Free cash flow in the quarter was $114 million or a conversion rate of net income of 109%, an $8 million improvement over the prior year first quarter free cash flow. Dividend payments were $37 million, reflective of the 27% increase in the annual dividend approved last year. During the quarter, we did not repurchase any shares under our 10b5-1 plan. For modeling purposes in fiscal 2023, assume an estimated effective tax rate of 20% to 22% in capital expenditures of approximately $50 million to $55 million.

We will now turn Slide 10 and I will turn the call back to Naga.

Sundaram Nagarajan — President and Chief Executive Officer

Thanks, Joe. I want to thank our teams for continuing to respond to the needs of our customers and deliver the strong first quarter performance. I’m very thankful that our operations in China are returning to normal as employees have returned to work following the spread of COVID-19 in the region. We will always prioritize the health and safety of our employees and we are so glad that they are well.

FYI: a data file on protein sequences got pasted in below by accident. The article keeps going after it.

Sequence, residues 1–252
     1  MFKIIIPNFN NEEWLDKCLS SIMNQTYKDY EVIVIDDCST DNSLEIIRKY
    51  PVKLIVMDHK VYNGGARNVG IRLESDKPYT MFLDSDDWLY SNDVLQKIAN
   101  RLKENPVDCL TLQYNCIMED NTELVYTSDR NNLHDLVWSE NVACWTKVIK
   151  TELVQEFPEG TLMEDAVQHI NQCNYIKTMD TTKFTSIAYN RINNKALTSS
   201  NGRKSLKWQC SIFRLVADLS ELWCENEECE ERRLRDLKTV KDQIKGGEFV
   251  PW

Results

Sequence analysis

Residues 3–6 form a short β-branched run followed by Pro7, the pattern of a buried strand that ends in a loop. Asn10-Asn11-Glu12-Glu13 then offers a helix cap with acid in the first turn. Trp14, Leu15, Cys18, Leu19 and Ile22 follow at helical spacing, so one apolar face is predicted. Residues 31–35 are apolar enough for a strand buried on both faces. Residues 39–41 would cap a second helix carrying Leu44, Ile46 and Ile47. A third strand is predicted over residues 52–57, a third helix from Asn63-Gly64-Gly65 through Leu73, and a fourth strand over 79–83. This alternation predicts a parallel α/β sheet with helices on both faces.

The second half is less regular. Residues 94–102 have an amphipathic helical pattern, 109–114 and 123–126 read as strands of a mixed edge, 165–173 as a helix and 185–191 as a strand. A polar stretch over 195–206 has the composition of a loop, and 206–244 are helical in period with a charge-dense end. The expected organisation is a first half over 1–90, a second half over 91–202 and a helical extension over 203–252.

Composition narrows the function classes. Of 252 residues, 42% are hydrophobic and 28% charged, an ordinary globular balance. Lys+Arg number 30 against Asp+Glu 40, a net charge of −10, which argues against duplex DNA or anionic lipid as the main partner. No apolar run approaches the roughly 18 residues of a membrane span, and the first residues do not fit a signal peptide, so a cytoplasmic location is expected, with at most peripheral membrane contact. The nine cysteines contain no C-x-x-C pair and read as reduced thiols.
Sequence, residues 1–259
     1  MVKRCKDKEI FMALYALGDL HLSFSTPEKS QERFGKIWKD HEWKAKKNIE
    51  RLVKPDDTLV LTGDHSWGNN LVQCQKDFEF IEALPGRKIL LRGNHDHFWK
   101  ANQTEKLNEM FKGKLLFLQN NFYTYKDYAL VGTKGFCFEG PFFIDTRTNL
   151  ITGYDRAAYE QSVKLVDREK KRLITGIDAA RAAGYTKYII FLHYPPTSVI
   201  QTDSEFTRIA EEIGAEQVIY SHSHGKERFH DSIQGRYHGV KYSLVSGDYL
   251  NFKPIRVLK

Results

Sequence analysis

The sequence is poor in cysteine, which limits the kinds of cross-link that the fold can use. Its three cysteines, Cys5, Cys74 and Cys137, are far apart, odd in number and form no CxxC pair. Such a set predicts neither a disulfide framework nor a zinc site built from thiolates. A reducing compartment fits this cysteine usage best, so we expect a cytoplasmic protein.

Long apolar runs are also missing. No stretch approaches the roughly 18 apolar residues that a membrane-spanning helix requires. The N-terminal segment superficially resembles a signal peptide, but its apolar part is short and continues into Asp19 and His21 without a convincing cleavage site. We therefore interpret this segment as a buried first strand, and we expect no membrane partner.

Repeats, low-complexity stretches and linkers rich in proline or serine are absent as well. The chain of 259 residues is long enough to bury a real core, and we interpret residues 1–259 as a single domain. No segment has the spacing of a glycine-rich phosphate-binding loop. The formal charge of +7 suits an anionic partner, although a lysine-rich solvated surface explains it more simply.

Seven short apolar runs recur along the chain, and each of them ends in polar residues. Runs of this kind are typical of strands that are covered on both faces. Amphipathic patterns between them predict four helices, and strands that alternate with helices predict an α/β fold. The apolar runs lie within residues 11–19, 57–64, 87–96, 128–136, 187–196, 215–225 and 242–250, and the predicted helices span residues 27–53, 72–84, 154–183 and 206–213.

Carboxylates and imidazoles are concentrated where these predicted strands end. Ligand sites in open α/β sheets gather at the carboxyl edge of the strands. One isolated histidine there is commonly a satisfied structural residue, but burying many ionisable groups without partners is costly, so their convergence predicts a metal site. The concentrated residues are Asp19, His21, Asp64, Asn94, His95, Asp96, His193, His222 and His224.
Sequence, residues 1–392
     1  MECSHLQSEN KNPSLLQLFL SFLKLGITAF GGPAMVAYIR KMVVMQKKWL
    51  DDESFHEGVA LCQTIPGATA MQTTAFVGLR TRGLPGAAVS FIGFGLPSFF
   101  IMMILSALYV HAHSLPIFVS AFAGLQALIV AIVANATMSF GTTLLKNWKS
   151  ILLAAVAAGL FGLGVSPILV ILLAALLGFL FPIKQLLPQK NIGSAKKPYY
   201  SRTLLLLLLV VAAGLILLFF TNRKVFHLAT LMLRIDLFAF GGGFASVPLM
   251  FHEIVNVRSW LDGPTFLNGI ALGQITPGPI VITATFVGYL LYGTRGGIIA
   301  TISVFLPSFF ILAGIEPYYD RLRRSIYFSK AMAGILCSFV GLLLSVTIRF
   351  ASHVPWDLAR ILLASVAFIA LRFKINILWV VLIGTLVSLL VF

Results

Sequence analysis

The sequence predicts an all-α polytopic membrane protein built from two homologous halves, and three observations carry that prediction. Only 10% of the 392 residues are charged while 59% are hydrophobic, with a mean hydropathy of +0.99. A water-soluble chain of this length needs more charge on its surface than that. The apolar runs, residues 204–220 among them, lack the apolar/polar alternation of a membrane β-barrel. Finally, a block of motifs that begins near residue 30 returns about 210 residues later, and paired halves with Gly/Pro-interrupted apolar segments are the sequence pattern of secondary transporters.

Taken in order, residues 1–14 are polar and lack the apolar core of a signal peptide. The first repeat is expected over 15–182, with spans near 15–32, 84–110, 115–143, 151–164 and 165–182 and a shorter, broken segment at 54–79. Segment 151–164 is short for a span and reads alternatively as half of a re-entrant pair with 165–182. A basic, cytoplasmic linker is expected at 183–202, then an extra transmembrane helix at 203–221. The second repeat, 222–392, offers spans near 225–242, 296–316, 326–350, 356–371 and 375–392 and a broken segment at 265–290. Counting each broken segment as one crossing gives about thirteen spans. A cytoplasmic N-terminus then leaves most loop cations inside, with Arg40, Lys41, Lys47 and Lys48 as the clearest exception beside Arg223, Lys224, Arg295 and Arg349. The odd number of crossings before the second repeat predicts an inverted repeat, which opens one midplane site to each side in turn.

Throughout the first quarter, I had many opportunities to engage with our employees and travel to sites in North America and Europe. I’m very pleased that the ongoing deployment of NBS Next, which continues to help us prioritize our greatest opportunities for profitable growth. In this dynamic environment, the accelerated deployment of this growth framework will guide our decisions on where to focus and where to simplify. Going into fiscal 2023, we knew we would be dealing with a dynamic environment as we had limited visibility into the full year.